Prototyping with GameMaker Studio
It's time to shift gears from asset extraction to prototype developing. This part is only meant as a primer for the majority of people who don't have experience with a game engine like GameMaker Studio. To reiterate, we're using this game engine so we can put this project together in a reasonable amount of time. By accepting the GameMaker framework, we can outsource some of the more tedious tasks behind the scenes of a game.
Commercial engines abstract away many tasks, and we're not even going to scratch the surface of what GameMaker can do. We will take advantage of four important ideas: resource management, the game loop, a rendering engine, and a generic object model. Check out the online documentation.
GameMaker provides steamlined resource management. We can easily drag in graphics or sounds of various formats in to the resource tree and the engine stores them in the most efficient format. On the programming side, we have steamlined handles to access resources from any method. Thanks to the resource manager, we can go from an empty project to drawing sprites and playing sounds in seconds.
GameMaker owns the game loop but still provides quite a few fixed event anchors for our object interactions. In a nutshell, every object in GameMaker executes user specified code as a sequence of event callbacks dispatched by the engine in a predefined order. The engine also executes physics and screen rendering operations on objects at fixed times. I'm not a GameMaker expert, but my interpretation of the event sequence looks like this:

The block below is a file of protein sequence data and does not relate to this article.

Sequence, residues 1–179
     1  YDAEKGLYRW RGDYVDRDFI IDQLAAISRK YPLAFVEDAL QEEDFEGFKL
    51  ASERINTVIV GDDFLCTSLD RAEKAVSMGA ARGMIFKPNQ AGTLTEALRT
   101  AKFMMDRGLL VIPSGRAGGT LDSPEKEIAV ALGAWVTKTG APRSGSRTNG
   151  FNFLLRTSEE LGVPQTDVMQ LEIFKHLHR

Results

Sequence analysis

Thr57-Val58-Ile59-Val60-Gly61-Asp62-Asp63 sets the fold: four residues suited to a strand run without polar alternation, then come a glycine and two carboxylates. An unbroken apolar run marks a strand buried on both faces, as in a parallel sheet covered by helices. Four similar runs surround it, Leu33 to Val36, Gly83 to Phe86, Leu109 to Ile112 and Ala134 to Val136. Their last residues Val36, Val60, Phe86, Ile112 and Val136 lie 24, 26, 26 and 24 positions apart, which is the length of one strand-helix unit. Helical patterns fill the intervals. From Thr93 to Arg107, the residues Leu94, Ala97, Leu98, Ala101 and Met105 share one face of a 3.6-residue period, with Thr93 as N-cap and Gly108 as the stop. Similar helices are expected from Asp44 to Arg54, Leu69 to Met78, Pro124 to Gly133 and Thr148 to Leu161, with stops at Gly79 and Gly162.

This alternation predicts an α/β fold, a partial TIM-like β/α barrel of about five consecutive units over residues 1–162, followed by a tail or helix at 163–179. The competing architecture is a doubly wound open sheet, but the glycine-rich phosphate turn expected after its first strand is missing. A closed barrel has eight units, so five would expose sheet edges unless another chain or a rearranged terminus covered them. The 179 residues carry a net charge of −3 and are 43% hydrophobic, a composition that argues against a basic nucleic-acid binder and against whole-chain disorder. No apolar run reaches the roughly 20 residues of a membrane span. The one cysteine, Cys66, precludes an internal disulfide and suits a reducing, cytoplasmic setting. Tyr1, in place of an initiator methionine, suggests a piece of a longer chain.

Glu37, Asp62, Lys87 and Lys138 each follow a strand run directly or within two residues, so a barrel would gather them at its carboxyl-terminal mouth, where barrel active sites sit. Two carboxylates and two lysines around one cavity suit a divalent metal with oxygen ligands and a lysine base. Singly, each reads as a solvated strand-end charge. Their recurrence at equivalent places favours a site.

If you've ever managed and manipulated graphics assets in SDL/SFML/Allegro or are old enough to have dealt with VGA sequencers, you'll appreciate the ease of GameMaker's drawing functions. Yes, you can draw sprites and text with a single command (thanks again to our resource manager). The rendering engine is one part of the magic spell that brings Traffic Department to life in a few short hours. The rendering engine provides useful tools such as multiple views, direct access to the screen buffer, drawing layers, and other modern tools like shaders with GLSL support ready to go.
Generic Object Model
GameMaker provides a basic 'object' that allows users to refine the purpose to whatever the need is. We tie objects in to event hooks to handle arbitrary code. The engine itself handles the memory (de)allocation, physics updates, and garbage collection of objects. Note that these objects are more procedural entities rather than class objects with methods that you might be used to in C++. It's easy to emulate traditional object behavior thanks to the dynamically scoped 'scripts' and user defined events built in to the engine. Almost all of our work will center around GameMaker's objects and handling instances of the objects in the game world.
The one task we will do in this video is add a few assets to the resource manager that we'll be using in the next part:
|SCR Files||Highlight all the bitmaps that we converted in to SCRs and drag them in to the GameMaker resource manager tree under Sprites. Choose the import as sprites.|
|Sound and Music||Drag the sound assets in to the Sounds folder in the GameMaker resource tree. Since the assets are older, we can get away with marking them as 16-bit mono with 24k sampling without much loss of quality.|